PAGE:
Hersham – A History!

Hersham – A History!

Heverisham

hersham-feat

 

Hersham was originally called Heverisham, a name derived  from Hauerichesham  or  Haeferic’s Hamlet, the name given to the small piece of woodland on the banks of the River Mole by the first permanent Saxon settlers.

For the majority of its history, Hersham has been regarded as part of Walton on Thames, but in 1272, it had its own court, held by Reginald de Imworth, who held land throughout Elmbridge.   The only recorded manor in Hersham was Morehall, otherwise known as Sylkesmore, or Southwood, which was in the possession of John Carleton until 1540, when it was acquired, along with much of the rest of Hersham, by Henry VIII.     Two years earlier, the king had raided Southwood, (the South Wood) for 80 loads of timber in for the building of Nonsuch Palace, so possibly there wasn’t a great deal left of the wood to purchase, which maybe why in 1579, the wood was described as a coppice!

The manor passed out of Crown hands in the reign of Henry’s daughter Mary, first to the Vincent family and then to the Frederick family, until it vanished completely in the early 19th century, when the village began to acquire an identity of its own, becoming a separate parish in 1851.

The village’s first church, a “Chapel of Ease” was built in 1839 on the Burwood Road.  It served the village for 50 years before being demolished two years after the building of the parish church of St. Peter immediately behind it.  A commemorative stone in the churchyard marks the approximate position of the chapel’s altar.   St. Peter’s lych gate was gifted in 1896 by Mrs. Courtenay Terry, of Shrublands, Burwood Road, as a memorial to her husband, Major Courtenay Forbes Terry, and salvaged bricks from the demolition of Shrublands in 1931 have been used to make the path from the gate to the church.

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Barley Mow roundabout

A distinctive, circular Congregational Chapel was built in 1844 on the Esher Road, only demolished for road widening in 1961, to be replaced by the petrol station on the Barley Mow roundabout.

Adjoining St.Peter’s  church, a small piece of land was requisitioned to become the village Memorial Garden, starting with the Wayside Cross that was erected in 1920 to commemorate the 115 Hersham men who lost their lives in the First World War.   The pond on the site was filled in and gradually a peaceful and pleasant garden was established, that was recently awarded Centenary Field status.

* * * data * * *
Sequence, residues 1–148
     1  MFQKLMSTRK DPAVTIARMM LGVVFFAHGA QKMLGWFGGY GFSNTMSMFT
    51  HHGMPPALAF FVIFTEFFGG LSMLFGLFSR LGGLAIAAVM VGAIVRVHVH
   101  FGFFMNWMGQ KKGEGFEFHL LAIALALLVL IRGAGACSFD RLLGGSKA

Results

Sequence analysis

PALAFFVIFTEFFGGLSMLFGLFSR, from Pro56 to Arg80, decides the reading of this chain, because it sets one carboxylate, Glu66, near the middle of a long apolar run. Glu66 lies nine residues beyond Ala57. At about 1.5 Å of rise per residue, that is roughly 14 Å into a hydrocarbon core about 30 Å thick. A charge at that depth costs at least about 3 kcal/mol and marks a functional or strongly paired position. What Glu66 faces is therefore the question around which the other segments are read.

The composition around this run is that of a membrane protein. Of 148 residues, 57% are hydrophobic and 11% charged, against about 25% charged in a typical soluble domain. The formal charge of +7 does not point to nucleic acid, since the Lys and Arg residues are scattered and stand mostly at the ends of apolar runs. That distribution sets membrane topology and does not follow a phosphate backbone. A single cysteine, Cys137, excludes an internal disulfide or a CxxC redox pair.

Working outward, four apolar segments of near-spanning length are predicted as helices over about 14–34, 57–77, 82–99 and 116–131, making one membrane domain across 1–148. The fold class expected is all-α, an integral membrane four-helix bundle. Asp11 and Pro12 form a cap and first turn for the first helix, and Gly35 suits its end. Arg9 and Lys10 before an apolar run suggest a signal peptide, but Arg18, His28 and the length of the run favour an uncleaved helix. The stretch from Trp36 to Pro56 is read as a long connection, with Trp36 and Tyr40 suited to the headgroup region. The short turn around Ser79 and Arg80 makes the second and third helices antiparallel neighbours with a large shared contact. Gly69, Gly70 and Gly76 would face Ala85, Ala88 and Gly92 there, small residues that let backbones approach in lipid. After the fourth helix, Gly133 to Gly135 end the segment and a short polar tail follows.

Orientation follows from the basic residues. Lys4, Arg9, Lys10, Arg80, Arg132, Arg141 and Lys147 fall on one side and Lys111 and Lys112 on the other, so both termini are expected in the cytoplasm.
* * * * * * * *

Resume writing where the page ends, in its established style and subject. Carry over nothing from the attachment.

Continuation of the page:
In 1842, the village school was built almost opposite the old chapel and this still stands as a Nursery School, though obviously much altered and developed.

The cerebral heart of Hersham, if not the geographical centre, is the Village Green, which is one of the few remaining acres of the village’s ancient commonland and was the site of the village pump.  The adjacent Queens Road, named after Queen Victoria, who passed through Hersham on her way to Claremont, had previously been called Common Road.

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Frederick Vaux & William Whiteley

Hersham is lucky to have had the help of philanthropists, whose generosity is still evident in the village today. Churchwarden Frederick Vaux not only bequeathed the field Vauxmead to the parish on his death in 1933, but during his lifetime, he provided, among other things,  St. Peter’s church hall and the church bells.

William Whiteley, though not a Hersham resident, in 1907 bequeathed a million pounds for the erection of “buildings to be used and occupied by aged poor persons of either sex as homes in their old age.”   In 1920 the iconic Whiteley village welcomed its first resident, Elizabeth Palmer.

Though still largely agricultural, the early 20th century saw the beginning of Hersham’s small, but significant, industrial history.   The ABC motor company was established on the Molesey Road from 1914 until the 1950s when it was taken over by Vickers until 1971.  On the opposite side of the road, the Hackbridge Electric Construction Company was in business from 1923, followed by Hewettic in 1924.  These two companies amalgamated in 1947, and until 1972, created some of the biggest transformers that had ever been made.     The abattoir by the Green, which closed for business in the 1970s is of course, now the Hersham shopping centre.

By the 1980s the face of Hersham was changing rapidly.  The few grand old houses, such as Hersham Lodge had gone and the factories were being replaced by office blocks.

On September 28th 1936, Hersham railway station opened, though I’m sure most people then (and probably still do!) wished it was actually slightly closer to the village itself!

Hersham is served by four long-established public houses – the Barley Mow, the Bricklayers Arms and the Watermans Arms in the village centre – all three presumably testaments to the ancient professions of the villagers and now demolished Old House at Home, near to the station.   Less ancient, but now consigned to history, how many of us were part of the heyday of the Hersham Hop ……………..?

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This article was very kindly written for us by the members of:

The Esher, Claygate, Dittons, Memories, Local History and Genealogy facebook page.

– along with its partner,  The Kingston, Surbiton, Tolworth, Memories, Local History and Genealogy facebook page are a friendly and eclectic mix of local history photographs, combined with research of the wide area, as well as family history and genealogy.

 

 

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